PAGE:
Job Seeking + Games = Error Code

May 29, 2024

I often joke that there are two places where you can solve most problems: Nordstrom and the library. My adoration for the library grew when I learned that in addition to the typical offerings of books and movies, our local library also allows (free!) access to the New York Times, giving us 24/7 ability to challenge our brain not just with the news, but with the GAMES!

Massive defeats of Connections and Wordle to my daughters are a frequent occurrence often causing more bruises than I care to admit. Despite the battle wounds, I do relish those precious moments of bonding time and I am always impressed by NYT’s game polish and panache in how they wove their slogan of “seeking the truth and helping people to understand the world…” to include games—even if that means coming to grips that my 16 and 11 year old daughters are quite more adept at solving word puzzles than I prove to be!

As someone who understands the bonding that can happen over games, I was intrigued when I learned that LinkedIn, a place to network and look for jobs, is now jumping on the bandwagon and offering 3 different games, themselves. “The mission of LinkedIn,” the company quotes, “is simple: connect the world’s professionals to make them more productive and successful.”

While gaming on Sundays is a great way to bond with my daughters, does gaming really have a place in a connected productivity and job searching platform?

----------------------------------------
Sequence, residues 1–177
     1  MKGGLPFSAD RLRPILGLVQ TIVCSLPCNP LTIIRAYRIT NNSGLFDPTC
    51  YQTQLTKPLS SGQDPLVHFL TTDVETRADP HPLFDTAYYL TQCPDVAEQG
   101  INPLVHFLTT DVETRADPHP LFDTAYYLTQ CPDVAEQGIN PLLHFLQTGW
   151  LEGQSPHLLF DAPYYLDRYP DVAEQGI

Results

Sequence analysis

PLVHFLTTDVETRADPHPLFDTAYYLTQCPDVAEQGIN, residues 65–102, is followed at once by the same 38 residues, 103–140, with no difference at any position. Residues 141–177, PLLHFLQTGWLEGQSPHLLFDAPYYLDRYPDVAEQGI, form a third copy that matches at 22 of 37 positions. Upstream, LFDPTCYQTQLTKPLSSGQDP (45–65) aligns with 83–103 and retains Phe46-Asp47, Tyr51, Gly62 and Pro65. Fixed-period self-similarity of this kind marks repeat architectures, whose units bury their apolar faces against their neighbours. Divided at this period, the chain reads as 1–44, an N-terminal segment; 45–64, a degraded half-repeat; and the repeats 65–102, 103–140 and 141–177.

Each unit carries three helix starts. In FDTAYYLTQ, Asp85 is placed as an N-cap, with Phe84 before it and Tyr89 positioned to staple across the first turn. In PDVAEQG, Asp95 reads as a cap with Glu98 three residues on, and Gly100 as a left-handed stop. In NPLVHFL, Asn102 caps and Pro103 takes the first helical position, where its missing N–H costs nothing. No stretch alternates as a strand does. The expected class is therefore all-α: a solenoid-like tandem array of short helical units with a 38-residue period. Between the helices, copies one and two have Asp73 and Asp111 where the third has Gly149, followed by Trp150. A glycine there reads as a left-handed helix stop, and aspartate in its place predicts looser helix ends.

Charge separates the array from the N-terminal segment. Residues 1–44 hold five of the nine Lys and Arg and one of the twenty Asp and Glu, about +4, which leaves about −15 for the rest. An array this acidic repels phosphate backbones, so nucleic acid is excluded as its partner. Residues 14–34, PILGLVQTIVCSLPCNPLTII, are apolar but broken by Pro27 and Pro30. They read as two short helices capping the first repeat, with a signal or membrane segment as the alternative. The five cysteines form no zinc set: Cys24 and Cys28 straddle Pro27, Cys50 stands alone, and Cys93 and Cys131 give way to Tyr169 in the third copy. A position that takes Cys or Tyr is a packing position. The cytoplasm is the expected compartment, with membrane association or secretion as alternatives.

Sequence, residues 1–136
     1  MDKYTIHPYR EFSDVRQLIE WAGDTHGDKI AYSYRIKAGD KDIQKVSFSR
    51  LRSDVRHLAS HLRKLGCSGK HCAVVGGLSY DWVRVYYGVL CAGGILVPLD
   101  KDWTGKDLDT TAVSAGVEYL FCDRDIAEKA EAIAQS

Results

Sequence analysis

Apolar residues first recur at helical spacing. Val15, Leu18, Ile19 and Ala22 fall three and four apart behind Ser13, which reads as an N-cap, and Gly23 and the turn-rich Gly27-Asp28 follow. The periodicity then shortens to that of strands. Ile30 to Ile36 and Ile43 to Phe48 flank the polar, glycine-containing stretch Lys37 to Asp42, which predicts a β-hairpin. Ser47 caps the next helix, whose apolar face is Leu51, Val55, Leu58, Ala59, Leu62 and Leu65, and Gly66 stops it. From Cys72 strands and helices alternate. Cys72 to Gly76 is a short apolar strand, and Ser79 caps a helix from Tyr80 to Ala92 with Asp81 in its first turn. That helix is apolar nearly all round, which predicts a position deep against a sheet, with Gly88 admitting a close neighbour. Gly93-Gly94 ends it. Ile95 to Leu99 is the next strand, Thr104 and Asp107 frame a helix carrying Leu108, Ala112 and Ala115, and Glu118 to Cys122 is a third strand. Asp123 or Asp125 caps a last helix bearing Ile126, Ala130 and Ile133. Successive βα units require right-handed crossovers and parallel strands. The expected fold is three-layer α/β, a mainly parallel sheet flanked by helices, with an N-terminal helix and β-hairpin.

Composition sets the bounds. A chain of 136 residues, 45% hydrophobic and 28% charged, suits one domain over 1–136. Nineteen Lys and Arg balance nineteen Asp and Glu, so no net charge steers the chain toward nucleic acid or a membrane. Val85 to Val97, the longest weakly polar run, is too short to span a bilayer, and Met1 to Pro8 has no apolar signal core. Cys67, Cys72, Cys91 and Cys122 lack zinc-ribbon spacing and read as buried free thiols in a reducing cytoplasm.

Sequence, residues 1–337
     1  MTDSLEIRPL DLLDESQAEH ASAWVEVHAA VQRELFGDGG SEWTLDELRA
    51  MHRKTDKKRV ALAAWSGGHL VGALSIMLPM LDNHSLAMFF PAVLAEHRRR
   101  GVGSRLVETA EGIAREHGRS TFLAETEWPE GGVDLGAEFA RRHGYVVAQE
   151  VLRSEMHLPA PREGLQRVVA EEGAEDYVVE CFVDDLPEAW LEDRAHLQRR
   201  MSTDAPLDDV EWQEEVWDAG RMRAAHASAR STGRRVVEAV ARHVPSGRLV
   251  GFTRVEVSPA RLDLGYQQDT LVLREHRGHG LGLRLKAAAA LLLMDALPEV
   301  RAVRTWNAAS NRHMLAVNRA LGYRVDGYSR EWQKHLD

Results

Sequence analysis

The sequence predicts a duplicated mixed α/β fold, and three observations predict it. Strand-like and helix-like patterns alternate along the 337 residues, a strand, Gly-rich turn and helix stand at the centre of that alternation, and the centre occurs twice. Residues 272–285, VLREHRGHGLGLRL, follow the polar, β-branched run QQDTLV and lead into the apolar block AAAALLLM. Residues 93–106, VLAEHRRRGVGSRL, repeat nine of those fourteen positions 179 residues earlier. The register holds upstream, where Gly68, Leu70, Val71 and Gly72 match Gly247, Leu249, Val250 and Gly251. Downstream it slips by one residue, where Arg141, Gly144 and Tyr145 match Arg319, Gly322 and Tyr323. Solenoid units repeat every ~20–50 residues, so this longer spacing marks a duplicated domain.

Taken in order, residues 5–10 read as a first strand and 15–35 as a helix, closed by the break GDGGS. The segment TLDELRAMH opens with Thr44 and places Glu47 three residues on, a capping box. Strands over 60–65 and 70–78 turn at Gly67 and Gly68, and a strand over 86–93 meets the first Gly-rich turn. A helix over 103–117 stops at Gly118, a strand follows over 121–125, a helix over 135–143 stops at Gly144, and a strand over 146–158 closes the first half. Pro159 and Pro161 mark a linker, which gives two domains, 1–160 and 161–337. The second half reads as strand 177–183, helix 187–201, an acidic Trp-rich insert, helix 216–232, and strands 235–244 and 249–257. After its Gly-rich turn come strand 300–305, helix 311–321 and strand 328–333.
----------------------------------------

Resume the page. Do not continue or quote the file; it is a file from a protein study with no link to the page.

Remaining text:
LinkedIn is not Facebook

LinkedIn is known (for better or worse) as the go-to hub for networking, job hunting, and professional development. LinkedIn provides an oasis (of sorts) for individuals to meticulously curate their profiles, showcase their skills, experiences, and achievements with the intent of creating meaningful connections.

The integration of games immediately reminds of when Facebook feeds were suddenly abducted by Farmville notices and rampant updates when “friends” sent over generous gifts of pigs or plum trees to unwilling recipients every five minutes. I shudder thinking about LinkedIn devolving into a Facebook-esque environment, where users compete for high scores and flood their connections’ feeds with game-related updates. While friendly competition can be fun, LinkedIn has always been a site to focus on professionalism; I fear the introduction of games threatens to dilute that focus.

Additionally, there’s the unsettling prospect that hiring managers might begin to factor in a candidate’s gaming prowess when making hiring decisions. Imagine a scenario where two equally qualified candidates are vying for the same position, but one of them has a higher score in a LinkedIn game. Would that seemingly trivial metric sway the hiring manager’s decision? The goal posts for how a candidate’s profile crosses the “above the fold” view on LinkedIn constantly are changing (see my past article on the unique challenges of Getting Found on LinkedIn) and the notion of games and scores seems like yet another potential hurdle to already beleaguered job seekers.

Let’s also not forget the issue of productivity—a word used in LinkedIn’s very own mission statement. I’ll leave it at that.

Job Searching is Challenging Enough

Gaming tends to be a love it or hate it pastime—for some, games offer are nothing more than an idle void while others find great community and sense of belonging by smashing a Wordle in under 3 attempts. Introducing gaming is a tricky landscape for LinkedIn to carve—let’s hope that the introduction of games doesn’t mark the beginning of a slippery slope towards a more frivolous and less professional LinkedIn experience.

We’d love your thoughts on if these games broker a connection or a welcome respite in a stressful job market. Meanwhile, we’re always here to help and we’d love to be a resource for you on your career journey.

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